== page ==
Seal Beach approves senior transportation agreement


The Seal Beach City Council unanimously approved a three-year agreement for Senior Transportation Services with Western Transit Systems on Monday, Nov. 8.

The council also directed staff to negotiate for additional Dial-A-Ride services.

The additional services are expected to add $83,000 to the contract, according to the staff report by Sean Crumby, director of Public Works.

The Crumby report said the basic program is funded by money from the Air Quality Management District.

The AQMD will contribute $30,000 to the program.

The Orange County Transportation Authority will contribute $63,721. Seal Beach will pay $107,307 for the transportation sevices.

“If the Senior Transportation Services program is expanded, funds in the amount of $83,350 per year have not been identified,” Crumby wrote.

According to the Crumby report, the council in June directed staff to increase the existing senior transportation service area to 3 miles beyond the city limits.

“This increase in distance is to include service to the Los Alamitos Medical Center and surrounding area into the Dial-A-Ride program,” Crumby wrote.

Two firms actually submitted proposals. Staff preferred the proposal from Western Transit Systems, the current provider for the Seal Beach Senior Transportation Service.

According to the Crumby report, the company is the only one that can operate the 17-passenger life bus that the OCTA provided to Seal Beach.

In October, according to Crumby, the council directed staff to expand the Dial-A-Ride program. Western Transit currently provides transportation within Seal Beach and half a mile beyond the city limits.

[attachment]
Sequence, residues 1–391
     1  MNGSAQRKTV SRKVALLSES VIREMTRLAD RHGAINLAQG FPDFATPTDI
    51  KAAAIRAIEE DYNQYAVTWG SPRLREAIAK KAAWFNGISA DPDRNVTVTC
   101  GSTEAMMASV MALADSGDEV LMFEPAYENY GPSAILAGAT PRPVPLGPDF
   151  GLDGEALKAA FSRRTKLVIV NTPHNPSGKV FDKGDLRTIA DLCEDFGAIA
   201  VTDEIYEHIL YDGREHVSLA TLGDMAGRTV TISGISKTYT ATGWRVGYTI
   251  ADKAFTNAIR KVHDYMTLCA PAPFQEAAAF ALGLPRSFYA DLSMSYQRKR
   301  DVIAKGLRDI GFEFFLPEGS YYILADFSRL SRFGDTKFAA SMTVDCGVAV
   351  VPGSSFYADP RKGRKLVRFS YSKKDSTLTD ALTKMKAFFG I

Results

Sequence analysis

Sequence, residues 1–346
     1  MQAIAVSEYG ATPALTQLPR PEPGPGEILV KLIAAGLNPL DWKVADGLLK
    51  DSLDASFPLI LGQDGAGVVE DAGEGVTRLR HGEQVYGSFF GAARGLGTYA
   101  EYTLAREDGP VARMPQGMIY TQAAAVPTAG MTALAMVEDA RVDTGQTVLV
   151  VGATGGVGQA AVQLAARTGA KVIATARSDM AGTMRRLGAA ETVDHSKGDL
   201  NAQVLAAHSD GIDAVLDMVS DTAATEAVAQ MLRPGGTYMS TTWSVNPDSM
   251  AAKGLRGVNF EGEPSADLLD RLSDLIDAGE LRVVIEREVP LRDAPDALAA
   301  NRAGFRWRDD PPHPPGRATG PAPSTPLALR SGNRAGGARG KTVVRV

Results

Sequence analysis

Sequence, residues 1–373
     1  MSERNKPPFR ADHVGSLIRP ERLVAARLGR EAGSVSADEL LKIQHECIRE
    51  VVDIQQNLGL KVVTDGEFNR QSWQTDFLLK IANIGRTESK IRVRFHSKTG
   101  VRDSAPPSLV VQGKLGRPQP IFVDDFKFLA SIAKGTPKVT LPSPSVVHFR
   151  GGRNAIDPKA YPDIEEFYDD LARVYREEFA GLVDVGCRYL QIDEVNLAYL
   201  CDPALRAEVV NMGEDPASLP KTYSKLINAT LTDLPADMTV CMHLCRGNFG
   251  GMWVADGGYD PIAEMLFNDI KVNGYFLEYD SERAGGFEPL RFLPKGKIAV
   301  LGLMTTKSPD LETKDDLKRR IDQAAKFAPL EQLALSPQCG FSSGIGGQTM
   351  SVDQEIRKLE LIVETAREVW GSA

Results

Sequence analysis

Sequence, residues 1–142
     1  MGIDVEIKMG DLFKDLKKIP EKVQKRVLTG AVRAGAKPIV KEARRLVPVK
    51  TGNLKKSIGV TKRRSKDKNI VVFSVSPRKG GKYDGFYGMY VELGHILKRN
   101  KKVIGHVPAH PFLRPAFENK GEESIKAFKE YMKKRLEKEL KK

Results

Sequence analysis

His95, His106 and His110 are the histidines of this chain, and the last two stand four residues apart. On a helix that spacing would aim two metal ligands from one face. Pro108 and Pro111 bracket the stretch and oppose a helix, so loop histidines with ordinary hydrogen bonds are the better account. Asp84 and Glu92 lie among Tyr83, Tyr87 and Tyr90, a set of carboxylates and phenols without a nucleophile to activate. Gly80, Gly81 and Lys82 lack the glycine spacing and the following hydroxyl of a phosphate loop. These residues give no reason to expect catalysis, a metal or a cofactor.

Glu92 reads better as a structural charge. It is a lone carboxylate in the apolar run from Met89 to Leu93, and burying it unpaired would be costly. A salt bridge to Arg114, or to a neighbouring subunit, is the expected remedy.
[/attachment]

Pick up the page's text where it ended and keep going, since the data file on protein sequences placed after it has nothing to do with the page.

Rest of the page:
“The expanded Dial-A-Ride service will require a 24-hour advance reservation and service to and from any address originating from the city of Seal Beach [to]3 miles outside of the city limits, operating eight hours per day, Monday through Friday,” the Crumby report said.

The report said the additional service would increase the contract by $83,000 a year.

Crumby told the council that the money applies to one vehicle that would be available 40 hours a week.


Questions about police

As previously reported in the Sun, the council approved a memorandum of understanding with the Seal Beach Police Officers Association and the Seal Beach Police Management Association.

The vote was 4-1, with Councilman Gary Miller casting the only no vote.

City Manager David Carmany has said the agreement lowers pension costs for future hires.

However, on Nov. 8, Dr. Robert Goldberg, a Bridgeport neighborhood resident and local activist, expressed similar concerns about the agreement between the city and its police officers.

Goldberg said he liked the Seal Beach Police Department.

Goldberg said the Police Department made Seal Beach “Mayberry by the Sea.”

However, Goldberg said he felt the health costs for officers would rise above any savings in pension calculations.

Miller also expressed concern about the agreement.

He said Seal Beach would see savings in five to seven years. Miller was concerned about increased health costs. Miller also said Seal Beach officers get paid 3 percent more than officers in other police departments in cities comparable to Seal Beach.

Miller said he had asked for, but not received, an estimate of revenues and expenses.

According to Miller, the costs of the new agreement off set any savings in calculating pensions for officers who retire after 30 years. Miller pointed out that that the pension savings would apply to new hires and it might be some time before Seal Beach hires new officers.

Miller said the agreement should be renegotiated.

None of the other four council members spoke about the issue.

Council discussed the memorandum of understanding in closed session at the previous council meeting.

The council took no reportable action at that time.

On Nov. 8, immediately after Councilman Miller expressed his concerns, the council voted. The agreement was approved, unchanged.


Staff eyes sewer bond

The last issue of the night was a presentation on refinancing the city’s sewer improvement bonds. The bonds were issued in 2000.

Carmany said the staff would not come back to council with a formal refinance proposal unless the staff can save the city $250,000.

The council voted unanimously to have staff look into refinancing the sewer improvement bonds.

Seal Beach is currently attempting to get a sewer improvement loan from the state of California. According to a recent press release from the city, the application process could take two-and-a-half years.

Seal Beach approves senior transportation agreement